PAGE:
Most infectious diseases, including more than half of known human pathogens, are not restricted to just one host, yet much of the mathematical modeling of infections has been limited to a single species. We investigate consequences of a single epidemic propagating in multiple species and compare and contrast it with the endemic steady state of the disease. We use the two-species susceptible-infected-recovered model to calculate the severity of postepidemic collapses in populations of two-host species as a function of their initial population sizes, the times individuals remain infectious, and the matrix of infection rates. We derive the criteria for a very large, extinction-level, population collapse in one or both of the species. The main conclusion of our study is that a single epidemic could drive a species with high mortality rate to local or even global extinction provided that it is coinfected with an abundant species. Such collapse-driven extinctions depend on factors different than those in the endemic steady state of the disease.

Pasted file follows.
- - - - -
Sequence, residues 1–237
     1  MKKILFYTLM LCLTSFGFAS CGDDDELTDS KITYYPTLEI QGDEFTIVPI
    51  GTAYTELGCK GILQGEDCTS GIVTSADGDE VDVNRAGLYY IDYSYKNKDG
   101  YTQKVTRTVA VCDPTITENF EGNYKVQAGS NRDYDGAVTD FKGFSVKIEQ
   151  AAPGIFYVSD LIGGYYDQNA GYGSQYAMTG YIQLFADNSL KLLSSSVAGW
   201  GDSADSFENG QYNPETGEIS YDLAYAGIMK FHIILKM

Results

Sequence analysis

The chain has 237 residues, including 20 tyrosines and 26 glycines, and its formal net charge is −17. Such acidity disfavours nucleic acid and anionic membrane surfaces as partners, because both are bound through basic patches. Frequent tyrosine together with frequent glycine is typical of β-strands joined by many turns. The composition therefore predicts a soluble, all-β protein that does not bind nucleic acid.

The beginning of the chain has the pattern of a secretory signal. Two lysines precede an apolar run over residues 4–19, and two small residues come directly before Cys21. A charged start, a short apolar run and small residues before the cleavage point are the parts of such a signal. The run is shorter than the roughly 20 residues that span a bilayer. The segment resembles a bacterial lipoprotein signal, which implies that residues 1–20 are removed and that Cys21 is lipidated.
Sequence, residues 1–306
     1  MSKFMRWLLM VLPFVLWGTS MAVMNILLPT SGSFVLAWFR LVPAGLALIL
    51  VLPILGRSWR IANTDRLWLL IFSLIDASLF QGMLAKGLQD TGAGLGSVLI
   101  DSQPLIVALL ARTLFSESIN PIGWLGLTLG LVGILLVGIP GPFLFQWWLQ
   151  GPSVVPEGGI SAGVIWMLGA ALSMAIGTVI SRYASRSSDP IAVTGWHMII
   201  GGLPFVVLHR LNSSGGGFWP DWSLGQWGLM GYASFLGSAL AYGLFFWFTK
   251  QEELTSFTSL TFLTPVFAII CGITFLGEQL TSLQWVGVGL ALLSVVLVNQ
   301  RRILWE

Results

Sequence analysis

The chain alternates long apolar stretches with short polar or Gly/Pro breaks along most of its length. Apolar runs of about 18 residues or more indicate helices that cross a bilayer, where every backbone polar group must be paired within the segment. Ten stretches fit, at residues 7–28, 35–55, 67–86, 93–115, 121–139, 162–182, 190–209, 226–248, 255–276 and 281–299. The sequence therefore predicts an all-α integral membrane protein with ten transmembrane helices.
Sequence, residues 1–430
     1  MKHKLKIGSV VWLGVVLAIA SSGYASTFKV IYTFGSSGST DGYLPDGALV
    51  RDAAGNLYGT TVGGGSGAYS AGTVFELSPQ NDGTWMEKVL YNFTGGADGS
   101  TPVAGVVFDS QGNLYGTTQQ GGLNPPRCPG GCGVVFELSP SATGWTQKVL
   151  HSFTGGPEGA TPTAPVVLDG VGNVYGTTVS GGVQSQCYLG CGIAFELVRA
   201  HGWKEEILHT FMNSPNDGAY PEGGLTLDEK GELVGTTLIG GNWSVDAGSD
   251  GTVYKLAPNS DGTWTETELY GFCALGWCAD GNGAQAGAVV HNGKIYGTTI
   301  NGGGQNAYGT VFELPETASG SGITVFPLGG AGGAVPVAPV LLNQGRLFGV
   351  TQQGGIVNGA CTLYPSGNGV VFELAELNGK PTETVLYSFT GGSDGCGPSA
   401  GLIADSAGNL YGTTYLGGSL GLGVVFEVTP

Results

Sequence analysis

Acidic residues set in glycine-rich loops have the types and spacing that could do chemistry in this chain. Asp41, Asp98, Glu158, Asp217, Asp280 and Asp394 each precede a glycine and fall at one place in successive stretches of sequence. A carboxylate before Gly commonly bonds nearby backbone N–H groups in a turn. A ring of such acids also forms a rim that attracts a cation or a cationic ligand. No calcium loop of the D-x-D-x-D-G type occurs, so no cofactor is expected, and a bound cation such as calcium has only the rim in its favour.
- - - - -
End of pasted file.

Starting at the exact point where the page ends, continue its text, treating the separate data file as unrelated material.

ASJC Scopus subject areas
- Statistical and Nonlinear Physics
- Statistics and Probability
- Condensed Matter Physics